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Greenville Business Magazine

Self-Help Credit Union Receives Key Certification, Plans Charleston Expansion

Aug 11, 2023 12:05PM ● By David Caraviello

By David Caraviello

On the heels of receiving a certification that burnished its reputation for affordability, Self-Help Credit Union has secured locations in Summerville and Mount Pleasant that will become its first physical branches in the Lowcountry.

The financial institution headquartered in Durham, North Carolina, currently has four locations in the Greenville area and two in Columbia. 

Kerri Smith, Self-Help’s regional president for South Carolina, said the credit union had purchased the former SunTrust location on Main Street in Summerville, and the former BB&T branch on Johnnie Dodds Boulevard in Mount Pleasant. 

The Summerville branch will open first, she added, coming online in roughly 18 months.

“The reason we’re coming into the area is because of the need,” Smith said, referring to the stark housing inequality issues facing the greater Charleston area. “We know Charleston has a great challenge, and access to home ownership is hard. We know affordable housing is an issue. And we do a lot of lending around affordable housing.”

Founded in 1980, Self-Help Credit Union primarily serves customers who have been pushed out of traditional financial services or are completely unbanked — largely women, people of color, and those rural or low-wealth communities. 

The credit union recently learned that its checking account had been certified by the national Cities for Financial Empowerment (CFE) Fund as meeting Bank On National Account Standards, which verifies qualities such as low monthly fees and no overdraft or non-sufficient fund fees.

Why is that certification so important? “Since so much of our mission is about economic opportunities, we know that bank fees and features can drain off thousands of dollars from folks who can least afford it,” Smith said. “And just like doing away with (non-sufficient fund) fees, we don't believe that folks should be necessarily penalized in that way.”

‘A pretty stringent process’

The certification was about six months in the making, Smith said. The certifying body, the CFE Fund, provides funding and assistance to municipalities to improve the financial stability of low and moderate income households. 

Bank On National Account Standards identify product features at bank or credit unions that make it easier for those financial institutions to connect consumers to accounts meeting their needs.

“The Cities for Financial Empowerment Fund is delighted to award its national Bank On account certification to Self-Help’s checking account,” Jonathan Mintz, president and CEO of the CFE Fund, said in a news release announcing the certification. 

Mintz added, “The account offers residents who are looking to improve their finances a safe, affordable, and truly useful mainstream banking product to access and manage their money. Self-Help’s offering of this terrific account brings them into the forefront of national banking access efforts, and we thank them.”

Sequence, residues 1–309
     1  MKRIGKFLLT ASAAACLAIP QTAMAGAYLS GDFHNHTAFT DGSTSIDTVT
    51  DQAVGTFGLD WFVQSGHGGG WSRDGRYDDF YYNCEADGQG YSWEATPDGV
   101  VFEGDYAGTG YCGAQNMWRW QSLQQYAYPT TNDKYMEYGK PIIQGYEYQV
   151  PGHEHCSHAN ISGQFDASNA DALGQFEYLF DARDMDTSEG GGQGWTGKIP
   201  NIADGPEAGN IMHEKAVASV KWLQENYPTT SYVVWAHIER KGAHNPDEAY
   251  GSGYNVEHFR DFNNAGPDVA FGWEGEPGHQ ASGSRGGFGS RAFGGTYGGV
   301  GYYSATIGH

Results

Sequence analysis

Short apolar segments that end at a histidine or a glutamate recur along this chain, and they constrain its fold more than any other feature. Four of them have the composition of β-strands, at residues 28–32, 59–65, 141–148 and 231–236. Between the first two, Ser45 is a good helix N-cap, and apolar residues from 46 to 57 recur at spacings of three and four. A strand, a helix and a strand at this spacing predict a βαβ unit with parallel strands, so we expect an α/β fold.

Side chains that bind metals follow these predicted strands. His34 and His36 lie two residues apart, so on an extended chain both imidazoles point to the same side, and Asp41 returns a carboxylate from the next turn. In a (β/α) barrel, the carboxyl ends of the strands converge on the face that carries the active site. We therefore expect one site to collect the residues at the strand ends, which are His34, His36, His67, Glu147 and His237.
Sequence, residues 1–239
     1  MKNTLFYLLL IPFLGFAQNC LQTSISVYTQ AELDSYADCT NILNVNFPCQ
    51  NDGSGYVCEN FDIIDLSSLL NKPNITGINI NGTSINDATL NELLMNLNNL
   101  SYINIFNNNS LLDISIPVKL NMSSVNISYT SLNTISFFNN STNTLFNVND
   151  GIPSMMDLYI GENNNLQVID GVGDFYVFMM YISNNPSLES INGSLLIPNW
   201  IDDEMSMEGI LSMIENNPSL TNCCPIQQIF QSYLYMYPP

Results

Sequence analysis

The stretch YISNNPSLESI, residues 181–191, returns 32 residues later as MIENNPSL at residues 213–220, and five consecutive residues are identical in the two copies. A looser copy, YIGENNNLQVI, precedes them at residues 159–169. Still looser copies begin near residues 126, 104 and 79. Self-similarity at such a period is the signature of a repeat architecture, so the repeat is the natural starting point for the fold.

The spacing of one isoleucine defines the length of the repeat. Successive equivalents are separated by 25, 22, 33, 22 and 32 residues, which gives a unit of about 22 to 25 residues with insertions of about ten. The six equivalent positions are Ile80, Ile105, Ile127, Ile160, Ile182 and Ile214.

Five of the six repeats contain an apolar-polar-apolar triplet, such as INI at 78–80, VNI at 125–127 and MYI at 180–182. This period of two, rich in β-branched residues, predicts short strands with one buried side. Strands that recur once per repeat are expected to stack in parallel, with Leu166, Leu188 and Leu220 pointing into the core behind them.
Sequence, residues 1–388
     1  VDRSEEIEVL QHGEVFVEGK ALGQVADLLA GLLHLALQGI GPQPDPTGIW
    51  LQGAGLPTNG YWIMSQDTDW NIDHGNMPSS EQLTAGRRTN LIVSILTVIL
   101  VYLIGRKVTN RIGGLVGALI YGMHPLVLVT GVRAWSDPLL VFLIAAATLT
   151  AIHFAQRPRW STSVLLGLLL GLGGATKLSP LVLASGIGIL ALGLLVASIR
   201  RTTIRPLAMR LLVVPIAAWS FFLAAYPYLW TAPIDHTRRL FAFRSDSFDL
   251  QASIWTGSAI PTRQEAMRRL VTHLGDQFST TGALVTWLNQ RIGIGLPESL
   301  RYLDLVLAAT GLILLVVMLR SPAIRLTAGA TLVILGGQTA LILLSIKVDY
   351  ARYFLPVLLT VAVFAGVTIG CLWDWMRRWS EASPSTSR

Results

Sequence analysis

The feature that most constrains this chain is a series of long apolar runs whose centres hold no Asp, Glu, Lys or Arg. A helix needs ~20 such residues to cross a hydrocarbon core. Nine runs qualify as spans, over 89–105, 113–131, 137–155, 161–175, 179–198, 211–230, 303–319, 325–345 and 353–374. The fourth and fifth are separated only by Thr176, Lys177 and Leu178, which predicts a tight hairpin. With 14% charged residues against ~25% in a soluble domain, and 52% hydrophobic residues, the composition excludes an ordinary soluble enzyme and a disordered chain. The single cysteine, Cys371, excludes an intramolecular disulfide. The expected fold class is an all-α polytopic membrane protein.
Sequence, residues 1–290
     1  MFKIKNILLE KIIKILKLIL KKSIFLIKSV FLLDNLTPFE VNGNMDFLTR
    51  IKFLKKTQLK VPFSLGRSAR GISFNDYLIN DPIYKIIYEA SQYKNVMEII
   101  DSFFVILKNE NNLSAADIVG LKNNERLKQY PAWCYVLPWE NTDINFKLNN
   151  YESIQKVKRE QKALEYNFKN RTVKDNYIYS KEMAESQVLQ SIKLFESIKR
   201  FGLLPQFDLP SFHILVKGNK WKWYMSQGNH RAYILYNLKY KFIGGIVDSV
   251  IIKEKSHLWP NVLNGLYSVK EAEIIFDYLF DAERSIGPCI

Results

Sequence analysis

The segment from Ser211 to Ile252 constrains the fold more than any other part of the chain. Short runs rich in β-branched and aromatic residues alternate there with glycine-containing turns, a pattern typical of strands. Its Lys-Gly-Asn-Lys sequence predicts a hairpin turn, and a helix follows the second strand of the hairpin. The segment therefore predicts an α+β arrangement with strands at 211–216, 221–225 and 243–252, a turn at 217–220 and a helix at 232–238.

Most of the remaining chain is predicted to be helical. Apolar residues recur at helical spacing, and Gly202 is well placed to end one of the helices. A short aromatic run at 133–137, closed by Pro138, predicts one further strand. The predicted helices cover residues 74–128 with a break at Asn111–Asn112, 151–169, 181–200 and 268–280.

Added Randy Chambers, president Self-Help Credit Union: “The Bank On certification will help us reach individuals in our communities who need it most. It complements the fair, affordable banking solutions programs we offer that are designed to help improve the financial well-being of communities often left out of the economic mainstream, including financial wellness, credit building services and free financial education and coaching.”

During the certification process, Smith said the CFE Fund examined monthly service fees, minimum balance requirements, and whether customers earn interest, among other factors. 

The Self-Help Credit Union checking account has no minimum balance requirement, Smith added, and the $5 monthly fee can be waived if customers have at least $500 direct-deposited. 

Self-Help also offers a “second chance” account for those who have faced financial challenges in the past.

“It takes a lot of work to get certified,” Smith said. “It’s a pretty stringent process that they put financial institutions through.”

Aiming for $5 million to lend

Nowhere in the Palmetto State is the affordable home crisis more acute than in the Charleston area, which faces both low inventory and a median sales price of $407,500, according to June figures (the most recent available) from S.C. Realtors. 

By comparison, the median sales price is $311,524 in greater Greenville, and $280,000 in metro Columbia. The Charleston area in June also had just 169 available homes priced at $250,000 or below.

“We know there's a lot of disparity in the wealth gap,” Smith said. “And the racial wealth gap, unfortunately, we're not seeing a decline. It's either staying steady, or the gap is getting greater.”

Self-Help Credit Union has partners in the Charleston area, Smith added, that it plans to work with in the areas of financial education and fair lending. 

The credit union has mortgage loans available for those with credit scores as low as 580, and can use things like cell phone bills and rental histories to verify credit. 

It also allows layering of down payment assistance, in which customers can stack funding received from an employer or other entity on top of what they can obtain from Self-Help.

Smith said Self-Help will initially have around seven employees split between its two Charleston locations. The credit union is also working to raise $5 million in deposits that it can lend to Charleston-area customers once its new Lowcountry branches open.

“We’re looking to nonprofits, churches, businesses and folks who are interested in making a deposit so that we'll have money to lend,” Smith said. “We're working also with a couple of nonprofits here that help people rebuild credit and get into homeownership. We want to start doing mortgages here, but we've got to have money deposited here to start lending.”